Chickenpox is a highly communicable disease caused by the varicella virus, a member of the herpes virus family. In temperate climates, chickenpox occurs most frequently in winter and early spring.

Chickenpox is transmitted to others by direct person-to-person contact, by droplet or airborne spread of discharges from an infected person's nose and throat or indirectly by contact with articles freshly soiled by discharges from the infected person's lesions. The scabs themselves are not considered infectious.

A vaccine for chicken pox, called Varivax, is now available and is about 85 percent effective for preventing all cases of chicken pox. The vaccine is now given to all children (with the exception of certain high-risk groups) at 12-18 months of age, preferably when they receive their measles-mumps-rubella vaccine. Vaccination is also recommended for any older child or adult considered susceptible to the disease. A single dose of the vaccine is sufficient for children up to age 12; older children and adults receive a second dose four to eight weeks later. The risks of the vaccine are extremely small, but those interested in getting the vaccine should check with their doctor about potential side affects.

The antiviral medicine acyclovir may be prescribed for people with chickenpox who are at risk for complications. The drug, which can make the infection less severe, must be given within the first 24 hours after the rash appears. Acyclovir can have significant side effects, so it is only given when necessary. Your doctor can tell you if the medication is right for your child.

If you or your child has a fever that lasts longer than 4 days or rises above 102ºF, call your health-care provider. Also if any areas of the rash or any part of the body become very red, warm, or tender, or begin leaking pus (thick, discolored fluid), call your health-care provider since these symptoms may indicate a bacterial infection. Call your doctor immediately if the individual with chickenpox seems extremely ill, is difficult to wake up or appears confused, has difficulty walking, has a stiff neck, is vomiting repeatedly, has difficulty breathing, or has a severe cough.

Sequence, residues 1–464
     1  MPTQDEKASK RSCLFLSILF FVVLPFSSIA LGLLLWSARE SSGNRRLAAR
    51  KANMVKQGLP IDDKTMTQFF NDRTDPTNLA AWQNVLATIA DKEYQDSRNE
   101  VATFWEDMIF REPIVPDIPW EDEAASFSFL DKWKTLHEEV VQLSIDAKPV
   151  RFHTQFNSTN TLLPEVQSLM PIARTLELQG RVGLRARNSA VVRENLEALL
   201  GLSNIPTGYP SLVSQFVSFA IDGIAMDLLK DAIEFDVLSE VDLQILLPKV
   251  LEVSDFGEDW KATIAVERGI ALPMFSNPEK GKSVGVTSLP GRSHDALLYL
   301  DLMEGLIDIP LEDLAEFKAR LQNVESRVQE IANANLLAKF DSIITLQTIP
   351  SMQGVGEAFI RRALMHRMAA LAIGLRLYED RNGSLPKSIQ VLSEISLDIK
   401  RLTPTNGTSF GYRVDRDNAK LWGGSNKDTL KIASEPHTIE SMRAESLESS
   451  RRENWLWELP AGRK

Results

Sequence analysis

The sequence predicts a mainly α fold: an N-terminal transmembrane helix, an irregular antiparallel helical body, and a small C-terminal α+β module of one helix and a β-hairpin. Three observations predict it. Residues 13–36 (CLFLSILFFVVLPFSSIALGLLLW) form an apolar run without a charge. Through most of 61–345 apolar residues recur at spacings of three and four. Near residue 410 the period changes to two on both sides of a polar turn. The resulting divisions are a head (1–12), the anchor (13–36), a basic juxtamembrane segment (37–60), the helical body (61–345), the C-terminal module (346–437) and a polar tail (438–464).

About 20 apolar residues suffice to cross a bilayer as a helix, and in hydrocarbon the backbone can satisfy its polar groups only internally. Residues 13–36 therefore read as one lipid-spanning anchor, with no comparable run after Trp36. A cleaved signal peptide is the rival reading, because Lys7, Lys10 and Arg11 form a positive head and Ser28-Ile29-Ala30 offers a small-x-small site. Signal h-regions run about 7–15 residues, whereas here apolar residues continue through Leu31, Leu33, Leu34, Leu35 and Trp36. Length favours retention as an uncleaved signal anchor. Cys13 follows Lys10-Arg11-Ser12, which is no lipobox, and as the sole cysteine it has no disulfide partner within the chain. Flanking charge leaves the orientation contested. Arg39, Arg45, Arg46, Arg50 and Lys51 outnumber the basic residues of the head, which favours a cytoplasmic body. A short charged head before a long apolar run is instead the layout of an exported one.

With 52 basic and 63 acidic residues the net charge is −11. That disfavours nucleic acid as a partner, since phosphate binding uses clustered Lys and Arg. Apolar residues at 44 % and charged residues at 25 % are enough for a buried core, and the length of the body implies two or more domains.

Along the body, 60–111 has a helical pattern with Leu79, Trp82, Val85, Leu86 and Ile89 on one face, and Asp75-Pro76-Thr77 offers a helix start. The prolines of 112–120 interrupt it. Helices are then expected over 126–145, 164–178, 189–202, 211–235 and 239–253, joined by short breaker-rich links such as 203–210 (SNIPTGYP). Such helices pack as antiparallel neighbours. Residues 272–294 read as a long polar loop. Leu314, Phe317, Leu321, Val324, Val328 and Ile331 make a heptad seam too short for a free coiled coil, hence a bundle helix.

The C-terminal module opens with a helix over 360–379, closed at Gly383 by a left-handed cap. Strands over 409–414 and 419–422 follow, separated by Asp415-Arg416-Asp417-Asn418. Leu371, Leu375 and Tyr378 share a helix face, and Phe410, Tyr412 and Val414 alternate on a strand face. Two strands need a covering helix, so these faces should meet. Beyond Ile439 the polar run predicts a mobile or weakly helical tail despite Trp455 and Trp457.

Remember that an infected person will be contagious until new blisters have stopped appearing and until all the blisters have scabs. They should stay at home while they are infectious.

Part of the treatment for chicken pox is giving the patient bath every 3 to 4 hours to relieve the itching, adding some dry oat meal to the water. For the fever it is recommended to use acetaminophen not being indicated for patients under 20. Best thing to do would be to follow the doctor’s advice.

There are oatmeal based products that can help relieve itching related to chicken pox. "Taking Care of Your Child", also gives remedies to help alleviate itching. Warm baking soda baths and calamine lotion can help provide relief. Antihistimines can be prescribed by your doctor if topical medications do not help. It is very important not to scratch because of possible scarring. The book suggests trimming the fingernails or placing gloves on children to discourage scratching.

People at higher risk of developing serious complications from chickenpox or shingles may be given antiviral drugs such as acyclovir and/or immunoglobulin (a specialized preparation of antibodies taken from the plasma of blood donors), which may prevent severe illness developing.

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